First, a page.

Minnesota Flyer - Serving Midwest Aviation Since 1960

The Mystery Airplane

Luscombe Model 4 Sprite

 

Photo courtesy of Tom Lymburn

January Contest photo: Luscombe Model 4 Sprite

Donald Luscombe (1895-1965) served in France in WWI as an ambulance driver. It was in France that he took his first flight, in a Voisin pusher. After the Great War, he bought a Curtiss Jenny. His interest in developing enclosed cabin aircraft evolved from flying in the Jenny's exposed cockpit. The Monocoupe of 1927 came from his experiences. This was followed by the 145 hp Luscombe Phantom in 1933, the first all-metal light plane. Many readers will know or have flown the Luscombe 8 Silvaire and the larger Model 11 Sedan. Over 6000 Silvaires were manufactured after World War II.

The Luscombe 4, subject of this Oshkosh 2019 photo, also known as the Model 90, was designed to be a lower cost option to the more powerful Phantom. Powered by a 90 hp Warner Scarab Junior radial, the Model 4 was produced in small numbers to Approved Type Certificate #687 of 25 June 1938. With a wing span of 32 feet 1 inch and a length of 20 feet 11 inches, the Sprite had a loaded weight of 1725 pounds, including a useful load of 622 pounds. Top speed at sea level was a "spritely" 136 mph. Juptner, volume 7, notes that it sold at less than $4000 from the factory, including a metal prop. Only six aircraft were issued registrations by the Civil Aeronautics Authority.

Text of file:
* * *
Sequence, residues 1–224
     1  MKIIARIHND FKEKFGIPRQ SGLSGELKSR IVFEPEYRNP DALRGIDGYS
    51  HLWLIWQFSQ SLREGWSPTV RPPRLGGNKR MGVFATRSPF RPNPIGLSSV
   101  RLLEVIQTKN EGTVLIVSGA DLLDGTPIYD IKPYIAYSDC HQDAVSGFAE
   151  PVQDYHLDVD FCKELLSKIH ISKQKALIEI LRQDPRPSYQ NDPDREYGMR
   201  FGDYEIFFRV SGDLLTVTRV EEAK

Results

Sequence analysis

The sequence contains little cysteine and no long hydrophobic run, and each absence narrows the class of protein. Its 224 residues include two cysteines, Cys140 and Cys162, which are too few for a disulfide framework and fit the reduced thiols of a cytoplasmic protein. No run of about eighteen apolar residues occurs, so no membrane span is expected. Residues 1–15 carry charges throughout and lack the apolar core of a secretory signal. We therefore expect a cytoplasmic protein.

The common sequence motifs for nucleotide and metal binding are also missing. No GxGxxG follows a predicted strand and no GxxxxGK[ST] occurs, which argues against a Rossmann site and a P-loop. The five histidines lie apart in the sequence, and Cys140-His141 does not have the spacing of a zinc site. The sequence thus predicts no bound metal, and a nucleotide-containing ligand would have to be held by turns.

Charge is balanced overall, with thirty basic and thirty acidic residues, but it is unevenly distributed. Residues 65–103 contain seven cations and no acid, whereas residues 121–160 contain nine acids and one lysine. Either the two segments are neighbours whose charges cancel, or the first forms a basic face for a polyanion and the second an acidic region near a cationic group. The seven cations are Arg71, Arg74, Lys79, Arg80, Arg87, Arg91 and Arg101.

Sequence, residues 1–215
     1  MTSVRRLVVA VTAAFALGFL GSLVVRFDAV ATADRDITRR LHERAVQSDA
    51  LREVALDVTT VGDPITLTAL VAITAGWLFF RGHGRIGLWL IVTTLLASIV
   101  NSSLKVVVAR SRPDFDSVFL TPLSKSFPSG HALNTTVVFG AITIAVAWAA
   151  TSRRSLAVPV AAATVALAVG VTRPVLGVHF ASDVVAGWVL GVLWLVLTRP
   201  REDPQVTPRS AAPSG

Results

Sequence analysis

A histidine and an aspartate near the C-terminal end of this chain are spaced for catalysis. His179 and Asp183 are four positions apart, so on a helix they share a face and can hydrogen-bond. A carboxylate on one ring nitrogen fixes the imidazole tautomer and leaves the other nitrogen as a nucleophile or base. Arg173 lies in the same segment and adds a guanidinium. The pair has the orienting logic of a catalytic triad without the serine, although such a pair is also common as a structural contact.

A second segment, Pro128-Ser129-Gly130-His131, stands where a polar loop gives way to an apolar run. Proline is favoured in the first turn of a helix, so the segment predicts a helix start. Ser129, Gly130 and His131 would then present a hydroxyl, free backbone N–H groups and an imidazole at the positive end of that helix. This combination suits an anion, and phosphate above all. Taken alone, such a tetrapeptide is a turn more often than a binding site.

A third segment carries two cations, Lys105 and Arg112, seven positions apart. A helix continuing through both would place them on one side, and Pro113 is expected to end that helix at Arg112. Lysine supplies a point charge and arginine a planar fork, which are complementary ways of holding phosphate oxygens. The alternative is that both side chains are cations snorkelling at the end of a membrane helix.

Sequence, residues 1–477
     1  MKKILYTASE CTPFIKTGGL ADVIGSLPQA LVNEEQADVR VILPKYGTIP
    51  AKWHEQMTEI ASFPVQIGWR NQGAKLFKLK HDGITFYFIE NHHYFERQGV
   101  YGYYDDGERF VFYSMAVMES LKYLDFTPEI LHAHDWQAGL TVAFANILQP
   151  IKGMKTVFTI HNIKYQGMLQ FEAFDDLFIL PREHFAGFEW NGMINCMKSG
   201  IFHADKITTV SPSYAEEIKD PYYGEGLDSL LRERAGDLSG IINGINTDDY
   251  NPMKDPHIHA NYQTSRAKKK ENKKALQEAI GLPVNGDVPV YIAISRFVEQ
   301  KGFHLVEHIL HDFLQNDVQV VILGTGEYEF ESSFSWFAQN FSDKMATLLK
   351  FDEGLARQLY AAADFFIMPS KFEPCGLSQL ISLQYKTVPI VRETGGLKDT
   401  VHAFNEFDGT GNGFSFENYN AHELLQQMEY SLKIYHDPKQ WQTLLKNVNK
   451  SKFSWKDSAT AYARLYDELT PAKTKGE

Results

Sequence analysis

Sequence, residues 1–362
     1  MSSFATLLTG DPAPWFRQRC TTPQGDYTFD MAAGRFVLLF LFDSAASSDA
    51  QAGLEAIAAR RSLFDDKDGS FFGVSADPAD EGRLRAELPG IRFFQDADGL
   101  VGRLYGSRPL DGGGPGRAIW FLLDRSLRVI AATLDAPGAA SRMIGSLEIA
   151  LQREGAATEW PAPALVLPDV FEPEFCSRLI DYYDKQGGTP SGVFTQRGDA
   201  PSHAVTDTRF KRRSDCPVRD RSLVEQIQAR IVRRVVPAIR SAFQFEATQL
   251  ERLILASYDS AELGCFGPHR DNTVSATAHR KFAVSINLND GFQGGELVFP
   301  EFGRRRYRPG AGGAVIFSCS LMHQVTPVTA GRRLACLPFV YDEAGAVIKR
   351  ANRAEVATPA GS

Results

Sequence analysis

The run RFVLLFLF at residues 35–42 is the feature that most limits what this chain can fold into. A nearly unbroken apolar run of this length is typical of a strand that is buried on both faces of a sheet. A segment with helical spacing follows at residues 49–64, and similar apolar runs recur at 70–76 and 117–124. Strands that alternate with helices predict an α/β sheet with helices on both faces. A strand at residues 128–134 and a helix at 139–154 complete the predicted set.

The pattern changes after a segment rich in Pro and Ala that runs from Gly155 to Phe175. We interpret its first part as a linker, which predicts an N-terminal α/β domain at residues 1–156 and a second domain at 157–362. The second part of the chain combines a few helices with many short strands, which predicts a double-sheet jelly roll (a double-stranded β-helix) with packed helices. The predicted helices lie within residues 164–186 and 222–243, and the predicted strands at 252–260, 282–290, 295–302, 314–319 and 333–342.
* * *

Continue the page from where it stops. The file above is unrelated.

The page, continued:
When I first saw the Luscombe 4 shining in the sun across the road from the Red Barn, I wasn't sure what it was. On closer look, the Luscombe lines were clear. Owned by Ron Price of Sonoma, CA, its restoration was completed just before Oshkosh. Registered NC1337, the only surviving Model 4, it won the Bronze Age Runner-Up Award.

Seven readers knew the Model 4, plus a couple who thought it was the earlier, more powerful, Phantom. This month's honors go to Eric Olson, who commented, "I spent time with this aircraft at Blakesburg over the AAA Fly-in back in early September. Beautiful aircraft!" Indeed it is. Thanks to Eric and all the other faithful Flyer readers. Blue skies.

 

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